Counting prisoners along political lines
Prisoners are counted many times a day by their keepers, so collecting information for the 2020 census should be easy for the state Department of Correction.
A thornier issue is whether the state’s approximately 13,000 inmates should be counted as residents of their host prison town or the community where they resided prior to incarceration.
Southeastern Connecticut hosts two prison facilities. The Janet S. York Correctional Institution in Niantic housed an average of 946 female inmates during the month of February, according to the DOC’s research unit. The Corrigan and Radgowski correctional facilities in Montville held an average of 758 and 432 inmates, respectively, during February.
State lawmakers and a federal judge are considering the political and financial implications of prisoners’ residences of record in proposed legislation and a federal lawsuit. Legislative districts are reapportioned every 10 years based on census population figures, and some grant funding is distributed based on population. There are 151 state House districts in Connecticut, each of which has about 23,000 residents.
Counting inmates as residents of the prison host town for purposes of creating political districts is considered “unlawful prison gerrymandering” by the NAACP. The organization claims the urban hometowns of people of color who are disproportionately incarcerated are undermined when the prisoners are counted as residents of the more rural prison host towns, where populations tend to be predominantly white.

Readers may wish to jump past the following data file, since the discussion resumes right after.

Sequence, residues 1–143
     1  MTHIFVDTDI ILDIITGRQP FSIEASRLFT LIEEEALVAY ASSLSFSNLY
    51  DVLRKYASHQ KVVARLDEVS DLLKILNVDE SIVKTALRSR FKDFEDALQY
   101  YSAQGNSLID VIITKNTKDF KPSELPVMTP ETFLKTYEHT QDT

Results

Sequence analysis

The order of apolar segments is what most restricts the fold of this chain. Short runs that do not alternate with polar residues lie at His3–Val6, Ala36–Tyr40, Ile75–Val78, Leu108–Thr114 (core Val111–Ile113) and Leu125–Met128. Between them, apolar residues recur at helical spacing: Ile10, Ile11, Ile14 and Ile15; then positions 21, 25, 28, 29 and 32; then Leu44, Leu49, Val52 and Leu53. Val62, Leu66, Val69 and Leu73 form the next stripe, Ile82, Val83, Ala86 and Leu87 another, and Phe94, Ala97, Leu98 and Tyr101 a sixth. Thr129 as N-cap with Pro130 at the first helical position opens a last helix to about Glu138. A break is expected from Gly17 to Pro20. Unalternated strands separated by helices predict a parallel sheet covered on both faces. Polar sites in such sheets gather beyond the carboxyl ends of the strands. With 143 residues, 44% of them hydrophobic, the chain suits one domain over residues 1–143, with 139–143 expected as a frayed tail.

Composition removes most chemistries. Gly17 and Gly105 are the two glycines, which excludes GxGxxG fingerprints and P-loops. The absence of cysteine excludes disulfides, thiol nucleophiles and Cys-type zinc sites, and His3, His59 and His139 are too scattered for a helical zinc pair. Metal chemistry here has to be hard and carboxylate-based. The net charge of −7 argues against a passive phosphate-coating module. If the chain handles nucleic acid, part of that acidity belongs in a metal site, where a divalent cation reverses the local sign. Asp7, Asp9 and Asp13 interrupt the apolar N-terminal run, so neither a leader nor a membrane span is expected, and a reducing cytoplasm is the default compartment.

House Bill 5611 proposes counting incarcerated persons as residents of their last town of residence.
Secretary of the State Denise W. Merrill submitted testimony in favor of HB 5611, even though she is named, in her official capacity, as the defendant in the federal lawsuit.
“Counting incarcerated persons in the community in which they lived prior to incarceration will give more accurate population counts in both Connecticut’s major cities, and in the towns that host our correctional facilities, and will result in legislative districts that more accurately represent the communities from which they are drawn,” Merrill’s written testimony said.
Some lawmakers and town officials say that the prison towns, whose payments in lieu of taxes for hosting nontaxable state facilities have been greatly diminished, and who still provide first responders and other services, should get to count the prisoners as residents for purposes of receiving population-driven forms of state aid, including disbursements to each town of casino payments via the Mohegan-Pequot Fund.
“The population is one of the things that drives funding for the town from the state and the federal government, and that’s one of the things that’s going to affect them,” said State Rep. Kevin Ryan, D-Montville. “As far as redistricting, I don’t think it’s significant.”
Coincidentally, Ryan is one of three state representatives for the town of Montville, which was carved out that way due to census-based redistricting in 2000. It’s an advantage for the town, he said.
The federal “prison gerrymandering” lawsuit brought against the state by the NAACP is moving forward based on a ruling last month by Senior U.S. District Judge Warren Eginton. In denying the state’s motion to dismiss the case, he noted that under state law, residents of state institutions do not lose their home residence status by virtue of their absence.